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Thoughts from Teaching

Thursday: October 12, 2017

This post is about what I learned through my short 5-year career teaching anthropology at the university level. Take it or leave it. I regret none of the hard work and built relationships, though for now, in no way am I upset to be out of it, either! These are in no particular order:


Students have such a disadvantage today than they did even when I was a non-traditional student only about a decade ago. The Chronicle of Higher Education wrote this nice summary about it, and if you don’t have access, you can google the title and find it published elsewhere. Essentially, not only does one bad apple ruin the bunch (a student using an electronic device distracts those around him/her), but students today are so enveloped in a digital world that their brain is chemically addicted to the pleasure responses it gives when a new message pops up. That excitement, which becomes literally addictive, becomes intrusive thoughts. Remember when people laughed at the idea one could be addicted to video games like World of Warcraft (W.o.W.aholics)? Fast forward to today, and it’s not so funny. Even when students are “good” and keep their phones out of sight, the brain will sometimes spontaneously wonder if anything new is happening in the world outside the classroom. This is true for many people, of course, not just students. I know sometimes the news gets me. Woe the day news broadcasts became 24/7 with minute by minute updates. Research shows people can’t help it. In fact, I had a girl during an exam decide to text someone mid-test. Who does that?! I gave her a zero. She was sincerely flabbergasted – “it was just a text! it had nothing to do with the test!” I think she may have even gotten sick about it all. I felt evil, but explained that I had no idea if she asked for help on the exam or not and she understood. My rules were very clear!

So what to do? Until I had found that article, I alternated between being apathetic (it’s their loss, not mine!) and being a technology police officer (if they are caught, they are considered absent for that day – and attendance was weighted enough to where that mattered). I couldn’t decide which was best – I know it pissed me off to see students messing around on phones or laptops, but at the same time, this is our society and I wanted to find a way to make it all groove together.

But then I read the article, and it was able to put into words what was niggling at my brain. Henceforth, I maintained the Absolutely No Technology rule. I was happier. Students were less likely to embarrass themselves by having a video play sound loudly from one of those surprise obnoxious commercials, or giggle out loud at something their friend said. I do feel that all students benefitted from it – “good” students were not distracted, and those who would have been playing around on the internet were actually forced to focus more often in class. Yet, I hated calling people out, and felt really persnickety about using the attendance rule. That said, if I kept teaching, I would definitely maintain it. Shrug.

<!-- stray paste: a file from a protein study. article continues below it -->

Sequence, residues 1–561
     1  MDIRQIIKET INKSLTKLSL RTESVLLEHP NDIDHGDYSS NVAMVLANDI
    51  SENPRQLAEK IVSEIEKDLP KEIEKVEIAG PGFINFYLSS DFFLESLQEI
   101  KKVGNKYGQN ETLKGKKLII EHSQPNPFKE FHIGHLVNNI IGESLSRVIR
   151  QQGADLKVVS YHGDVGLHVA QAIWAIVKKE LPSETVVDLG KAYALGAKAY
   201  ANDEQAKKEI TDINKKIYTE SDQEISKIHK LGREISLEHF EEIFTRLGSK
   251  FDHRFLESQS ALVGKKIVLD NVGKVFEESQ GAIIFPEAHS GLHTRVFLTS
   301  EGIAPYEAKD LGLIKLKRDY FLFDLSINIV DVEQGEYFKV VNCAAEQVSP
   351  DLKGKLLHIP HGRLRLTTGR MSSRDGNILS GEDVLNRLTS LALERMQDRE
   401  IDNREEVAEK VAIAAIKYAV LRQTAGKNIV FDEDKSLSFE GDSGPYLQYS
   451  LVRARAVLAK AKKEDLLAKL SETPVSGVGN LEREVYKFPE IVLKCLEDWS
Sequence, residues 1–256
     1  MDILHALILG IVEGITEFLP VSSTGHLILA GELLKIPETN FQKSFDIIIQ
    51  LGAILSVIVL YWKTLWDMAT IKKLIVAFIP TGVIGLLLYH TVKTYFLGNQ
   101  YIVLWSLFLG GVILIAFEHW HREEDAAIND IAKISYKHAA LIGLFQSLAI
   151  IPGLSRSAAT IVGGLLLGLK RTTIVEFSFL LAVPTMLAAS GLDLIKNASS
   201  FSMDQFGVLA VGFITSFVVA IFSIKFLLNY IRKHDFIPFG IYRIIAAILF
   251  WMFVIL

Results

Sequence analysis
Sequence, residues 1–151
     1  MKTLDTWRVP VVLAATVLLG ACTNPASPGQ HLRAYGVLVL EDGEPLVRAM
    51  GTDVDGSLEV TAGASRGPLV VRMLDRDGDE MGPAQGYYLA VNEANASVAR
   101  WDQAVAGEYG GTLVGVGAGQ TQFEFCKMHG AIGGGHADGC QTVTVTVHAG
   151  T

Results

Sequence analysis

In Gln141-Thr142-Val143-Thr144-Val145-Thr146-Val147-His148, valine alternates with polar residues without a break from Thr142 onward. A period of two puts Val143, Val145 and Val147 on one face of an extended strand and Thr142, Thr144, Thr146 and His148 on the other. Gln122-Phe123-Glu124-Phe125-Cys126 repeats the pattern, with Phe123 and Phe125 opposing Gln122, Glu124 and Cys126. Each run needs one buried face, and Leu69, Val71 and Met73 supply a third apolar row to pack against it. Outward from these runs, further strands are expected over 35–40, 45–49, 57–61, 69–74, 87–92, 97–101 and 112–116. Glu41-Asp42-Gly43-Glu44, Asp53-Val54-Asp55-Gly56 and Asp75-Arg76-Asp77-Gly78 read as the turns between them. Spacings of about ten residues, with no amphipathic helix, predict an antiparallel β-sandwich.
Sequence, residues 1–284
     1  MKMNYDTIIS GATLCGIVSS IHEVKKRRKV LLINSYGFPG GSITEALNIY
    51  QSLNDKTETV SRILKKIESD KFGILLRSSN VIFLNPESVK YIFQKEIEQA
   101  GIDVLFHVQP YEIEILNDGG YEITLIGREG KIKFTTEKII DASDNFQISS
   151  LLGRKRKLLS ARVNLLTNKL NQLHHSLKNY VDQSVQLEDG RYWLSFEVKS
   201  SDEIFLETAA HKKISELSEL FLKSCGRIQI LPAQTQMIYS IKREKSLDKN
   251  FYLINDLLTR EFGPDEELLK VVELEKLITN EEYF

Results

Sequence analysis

At first, I did not want to weigh in on the “millennial” discussions because every new generation looks poor in the eyes of the previous ones, is it not true? But there is a stark reality between me and my kindred and those I was teaching. In some circles, I am considered by birth year to be a millennial, and I don’t doubt that I do share some traits with them, but what I’ve decided is that sorry, but no. I align with the concept of a between generation – I am also like Gen Xers in important ways. Thus, a goofy term Xennial probably fits me personally best – and I believe “generations” in a meaningful sense will become shorter and shorter because of how quickly our culture is changing with globalization and technology. But that’s not what this is about – this is about the annoying side of my students which I blame largely on their generational culture. Could it be parenting? Could it be changes in the larger society? Could it be different kinds of war? Could it be 24/7 access to information and entertainment in your pocket? The everyone-gets-a-blue-ribbon mentality? Sure, yes, all combined, and more.

I don’t know the why, I just know the reality: too many of my students were entitled. They would sit through class sleeping or texting (if they came at all), participate none, do subpar work on assignments, barely pass tests, and then have the nerve to make an office appointment and not even ask for but to demand an A. I even had a mother write a note about it! How I never looked them squarely in the eyes and simply said WTF, I don’t know. I asked my older colleagues (who had me as a student!) if I am only now seeing the dark side of teaching or if they feel like things have changed. Resoundingly, student attitudes have changed. I saw very little respect for professors coming from these students. Professors were treated as discourteously as I’ve seen some gas station attendants.